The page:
You were offered a job across country, site unseen, and are leaving your previous infrastructure/life behind and thought about not telling them about your disability beforehand?

    You really need to get your future employer onboard and supporting you. You're making several major life changes all at once (relocating, new job, new docs, new people, ...) and with a disability.

    What kind of injury do you have?

  5. #15
    Quote Originally Posted by Patton57 View Post
    You were offered a job across country, site unseen, and are leaving your previous infrastructure/life behind and thought about not telling them about your disability beforehand?
    That's not quite accurate; I've never considered "not telling them." I am asking for advice on how/when to bring it up and what talking points to cover.
    Daniel

  6. #16
    Quote Originally Posted by -scott- View Post
    I overlooked the part about you already having the job. If that's the case, then yeah, give them a call and chat about it. 10:1 says it won't be a big deal.
    Thanks, scott, I'll probably do that.
    Daniel

  7. #17
    Quote Originally Posted by dan_nc View Post
    That's not quite accurate; I've never considered "not telling them." I am asking for advice on how/when to bring it up and what talking points to cover.
    Well, realistically what do you need in the way of accommodations? Is this a job where you sit at a desk all day and just need to be sure you have access to your desk, do you walk or are you in a wheelchair 24/7? Can you type or do you need speech recognition equipment? If all you need to to make sure you can get to your desk I would be pretty casual about it, there isn't much they need to do.

  8. #18
    Quote Originally Posted by dan_nc View Post
    That's not quite accurate; I've never considered "not telling them." I am asking for advice on how/when to bring it up and what talking points to cover.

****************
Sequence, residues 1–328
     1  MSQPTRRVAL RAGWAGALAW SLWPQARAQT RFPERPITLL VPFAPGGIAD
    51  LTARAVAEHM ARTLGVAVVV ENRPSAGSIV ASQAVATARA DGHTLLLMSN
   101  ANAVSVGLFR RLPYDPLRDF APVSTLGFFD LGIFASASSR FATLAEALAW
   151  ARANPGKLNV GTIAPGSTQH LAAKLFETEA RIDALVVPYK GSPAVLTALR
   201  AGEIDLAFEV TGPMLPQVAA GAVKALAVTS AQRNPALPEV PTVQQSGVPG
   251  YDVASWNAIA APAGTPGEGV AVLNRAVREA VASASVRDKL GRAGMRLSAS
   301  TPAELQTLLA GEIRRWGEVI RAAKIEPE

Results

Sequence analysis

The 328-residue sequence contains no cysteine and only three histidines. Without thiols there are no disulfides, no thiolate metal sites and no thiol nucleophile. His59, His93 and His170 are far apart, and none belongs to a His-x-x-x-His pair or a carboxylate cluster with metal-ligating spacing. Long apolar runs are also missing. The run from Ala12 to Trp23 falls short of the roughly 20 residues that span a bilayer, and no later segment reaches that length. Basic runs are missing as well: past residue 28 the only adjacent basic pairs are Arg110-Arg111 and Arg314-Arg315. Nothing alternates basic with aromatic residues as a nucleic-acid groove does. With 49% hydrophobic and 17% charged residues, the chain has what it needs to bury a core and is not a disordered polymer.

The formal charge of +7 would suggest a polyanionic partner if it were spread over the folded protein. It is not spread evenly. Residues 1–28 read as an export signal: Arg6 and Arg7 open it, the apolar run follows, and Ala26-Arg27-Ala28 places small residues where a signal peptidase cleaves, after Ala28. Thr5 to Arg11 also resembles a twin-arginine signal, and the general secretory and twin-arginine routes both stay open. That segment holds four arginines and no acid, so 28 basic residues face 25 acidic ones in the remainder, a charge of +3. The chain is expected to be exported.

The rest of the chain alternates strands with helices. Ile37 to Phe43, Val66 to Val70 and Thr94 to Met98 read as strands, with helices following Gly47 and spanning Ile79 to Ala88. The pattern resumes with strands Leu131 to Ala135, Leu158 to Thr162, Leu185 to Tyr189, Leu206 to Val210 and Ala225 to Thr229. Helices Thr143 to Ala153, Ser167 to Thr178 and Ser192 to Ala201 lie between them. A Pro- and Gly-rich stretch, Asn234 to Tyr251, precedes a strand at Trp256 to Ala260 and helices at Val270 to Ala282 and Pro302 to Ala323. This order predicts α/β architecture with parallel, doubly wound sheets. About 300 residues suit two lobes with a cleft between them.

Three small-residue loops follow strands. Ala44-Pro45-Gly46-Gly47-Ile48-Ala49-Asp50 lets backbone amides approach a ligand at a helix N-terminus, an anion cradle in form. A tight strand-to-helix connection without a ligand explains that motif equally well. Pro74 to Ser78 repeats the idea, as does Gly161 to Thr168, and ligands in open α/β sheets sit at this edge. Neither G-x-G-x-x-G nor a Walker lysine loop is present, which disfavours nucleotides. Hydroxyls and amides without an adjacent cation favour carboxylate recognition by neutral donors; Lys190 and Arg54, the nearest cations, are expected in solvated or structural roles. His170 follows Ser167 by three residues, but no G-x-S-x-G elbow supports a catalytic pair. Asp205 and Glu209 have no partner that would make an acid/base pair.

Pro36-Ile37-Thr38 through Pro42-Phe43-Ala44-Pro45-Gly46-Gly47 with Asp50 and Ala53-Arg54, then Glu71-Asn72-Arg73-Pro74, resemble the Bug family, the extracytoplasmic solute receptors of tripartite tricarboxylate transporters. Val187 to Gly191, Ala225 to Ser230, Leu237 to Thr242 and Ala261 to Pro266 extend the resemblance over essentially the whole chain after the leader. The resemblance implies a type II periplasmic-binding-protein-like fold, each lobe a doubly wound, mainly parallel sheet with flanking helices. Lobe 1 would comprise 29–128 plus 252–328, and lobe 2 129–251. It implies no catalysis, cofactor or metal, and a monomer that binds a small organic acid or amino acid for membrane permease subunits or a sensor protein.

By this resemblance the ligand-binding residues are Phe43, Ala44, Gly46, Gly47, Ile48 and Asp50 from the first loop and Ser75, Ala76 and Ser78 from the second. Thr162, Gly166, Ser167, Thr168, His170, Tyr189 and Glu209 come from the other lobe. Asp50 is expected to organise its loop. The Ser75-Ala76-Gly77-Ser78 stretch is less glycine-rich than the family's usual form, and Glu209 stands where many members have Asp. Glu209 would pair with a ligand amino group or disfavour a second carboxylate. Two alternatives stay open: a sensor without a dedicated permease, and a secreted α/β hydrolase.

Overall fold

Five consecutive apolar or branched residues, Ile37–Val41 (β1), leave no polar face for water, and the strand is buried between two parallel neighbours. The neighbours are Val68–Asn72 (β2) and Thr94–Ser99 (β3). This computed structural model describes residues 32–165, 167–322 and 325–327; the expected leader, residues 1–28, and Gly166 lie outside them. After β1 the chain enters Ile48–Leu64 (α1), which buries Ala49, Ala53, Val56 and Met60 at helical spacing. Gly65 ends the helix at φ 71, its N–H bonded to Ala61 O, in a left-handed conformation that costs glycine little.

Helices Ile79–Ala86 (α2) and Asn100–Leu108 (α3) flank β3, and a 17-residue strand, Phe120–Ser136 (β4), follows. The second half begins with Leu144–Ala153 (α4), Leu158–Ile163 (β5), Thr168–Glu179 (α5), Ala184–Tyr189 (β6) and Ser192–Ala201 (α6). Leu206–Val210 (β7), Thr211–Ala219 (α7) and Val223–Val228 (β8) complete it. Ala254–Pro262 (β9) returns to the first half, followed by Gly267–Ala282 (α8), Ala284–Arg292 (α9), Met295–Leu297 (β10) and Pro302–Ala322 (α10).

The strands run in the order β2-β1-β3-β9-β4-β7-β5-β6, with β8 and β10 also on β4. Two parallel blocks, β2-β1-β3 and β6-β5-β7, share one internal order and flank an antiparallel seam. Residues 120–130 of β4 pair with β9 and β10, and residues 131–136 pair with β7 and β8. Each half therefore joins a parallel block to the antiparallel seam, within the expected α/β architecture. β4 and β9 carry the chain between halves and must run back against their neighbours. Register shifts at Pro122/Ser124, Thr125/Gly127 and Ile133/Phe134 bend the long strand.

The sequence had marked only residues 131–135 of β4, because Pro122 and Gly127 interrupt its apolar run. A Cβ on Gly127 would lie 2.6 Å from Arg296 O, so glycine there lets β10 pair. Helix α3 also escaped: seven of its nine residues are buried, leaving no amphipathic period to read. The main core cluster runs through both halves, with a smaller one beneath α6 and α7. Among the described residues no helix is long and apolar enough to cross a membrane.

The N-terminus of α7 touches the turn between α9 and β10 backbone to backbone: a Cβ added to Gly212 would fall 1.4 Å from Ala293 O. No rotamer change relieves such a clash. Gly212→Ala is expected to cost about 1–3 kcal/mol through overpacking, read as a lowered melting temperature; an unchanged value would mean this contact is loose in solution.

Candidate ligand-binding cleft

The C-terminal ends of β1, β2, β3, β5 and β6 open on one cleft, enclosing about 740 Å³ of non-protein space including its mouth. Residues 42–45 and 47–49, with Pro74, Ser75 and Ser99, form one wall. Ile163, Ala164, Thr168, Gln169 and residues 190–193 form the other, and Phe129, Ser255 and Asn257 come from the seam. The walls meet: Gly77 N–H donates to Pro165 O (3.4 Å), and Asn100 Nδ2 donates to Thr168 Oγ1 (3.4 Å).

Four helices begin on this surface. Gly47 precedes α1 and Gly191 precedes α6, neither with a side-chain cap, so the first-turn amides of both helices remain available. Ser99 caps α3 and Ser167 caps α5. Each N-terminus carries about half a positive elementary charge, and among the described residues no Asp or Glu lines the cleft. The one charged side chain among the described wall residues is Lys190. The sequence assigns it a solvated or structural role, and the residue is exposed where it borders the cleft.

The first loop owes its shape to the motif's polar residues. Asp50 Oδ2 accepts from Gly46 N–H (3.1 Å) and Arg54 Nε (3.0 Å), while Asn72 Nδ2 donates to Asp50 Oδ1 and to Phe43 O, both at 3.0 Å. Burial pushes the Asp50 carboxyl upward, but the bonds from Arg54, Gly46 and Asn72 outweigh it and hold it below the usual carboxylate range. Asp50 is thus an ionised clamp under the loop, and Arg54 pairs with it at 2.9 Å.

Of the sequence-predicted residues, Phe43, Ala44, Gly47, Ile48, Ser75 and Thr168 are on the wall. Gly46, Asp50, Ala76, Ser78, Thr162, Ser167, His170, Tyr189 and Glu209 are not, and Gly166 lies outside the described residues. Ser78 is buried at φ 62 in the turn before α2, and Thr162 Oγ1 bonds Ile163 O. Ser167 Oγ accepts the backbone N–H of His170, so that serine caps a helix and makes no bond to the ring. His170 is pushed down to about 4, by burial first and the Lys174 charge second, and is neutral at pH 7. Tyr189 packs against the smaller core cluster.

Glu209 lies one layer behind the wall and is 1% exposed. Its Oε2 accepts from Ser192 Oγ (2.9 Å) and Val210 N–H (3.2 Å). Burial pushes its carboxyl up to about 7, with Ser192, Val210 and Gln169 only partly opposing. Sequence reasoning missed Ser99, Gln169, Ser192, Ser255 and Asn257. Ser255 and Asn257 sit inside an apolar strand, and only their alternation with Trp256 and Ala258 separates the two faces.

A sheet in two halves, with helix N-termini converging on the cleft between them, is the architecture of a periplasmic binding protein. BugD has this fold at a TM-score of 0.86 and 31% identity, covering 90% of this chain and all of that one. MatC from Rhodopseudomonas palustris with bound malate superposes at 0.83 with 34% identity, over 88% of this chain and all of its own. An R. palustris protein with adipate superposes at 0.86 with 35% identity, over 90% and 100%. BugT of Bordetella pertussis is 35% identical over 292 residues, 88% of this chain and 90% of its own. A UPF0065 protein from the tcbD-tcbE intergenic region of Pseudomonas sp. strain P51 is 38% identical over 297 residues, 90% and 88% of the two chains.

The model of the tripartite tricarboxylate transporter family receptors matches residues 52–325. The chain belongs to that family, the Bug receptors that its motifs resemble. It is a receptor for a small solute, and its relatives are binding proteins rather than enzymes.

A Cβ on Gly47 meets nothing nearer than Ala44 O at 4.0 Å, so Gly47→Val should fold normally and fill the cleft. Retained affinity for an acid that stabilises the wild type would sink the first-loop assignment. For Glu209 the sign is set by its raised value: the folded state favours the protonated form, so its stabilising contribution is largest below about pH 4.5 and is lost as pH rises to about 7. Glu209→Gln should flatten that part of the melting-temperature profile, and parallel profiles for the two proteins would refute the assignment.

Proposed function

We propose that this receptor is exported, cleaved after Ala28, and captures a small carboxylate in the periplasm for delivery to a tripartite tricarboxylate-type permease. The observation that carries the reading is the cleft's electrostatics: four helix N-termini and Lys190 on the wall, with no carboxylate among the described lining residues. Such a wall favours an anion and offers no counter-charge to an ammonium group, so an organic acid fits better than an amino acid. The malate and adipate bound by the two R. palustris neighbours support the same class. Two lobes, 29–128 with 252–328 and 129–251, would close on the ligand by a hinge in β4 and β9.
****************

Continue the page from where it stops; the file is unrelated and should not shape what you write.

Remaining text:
Sorry, I just want you to put your best caster forward (assuming you're in a chair).

    The best thing to do is just call and tell your new boss tomorrow. I wouldn't beat around the bush, I'd just tell him/her.

  9. #19
    Dan,
    I would not tell them until you can discuss it face to face. Because they won't know the real extent of what you might or might not need. And you don't want to scare them. Plus if they do fire you over your disability you'll have a better case against them.

    Second, I know this wasn't your question but I am curious if you looked in to the factors of cost of living there? It's probably going to cost you double what it cost you in NC. The reason I am asking is I talk to a lot of people that move here to South Florida from NC. And some of them regret it because they didn't realize the cost to living here. They thought they were getting a raise and found out later it wasn't enough. And we don't have a state tax like California's 13%.

  10. #20
    Quote Originally Posted by TheRainman View Post
    I would not tell them until you can discuss it face to face. Because they won't know the real extent of what you might or might not need. And you don't want to scare them.
    That's generally my thought process, but if he's already hired & in queue to start working with the company, it's past that point.

    I'll never fully understand why companies think it's a good idea to hire someone without a face-to-face meeting.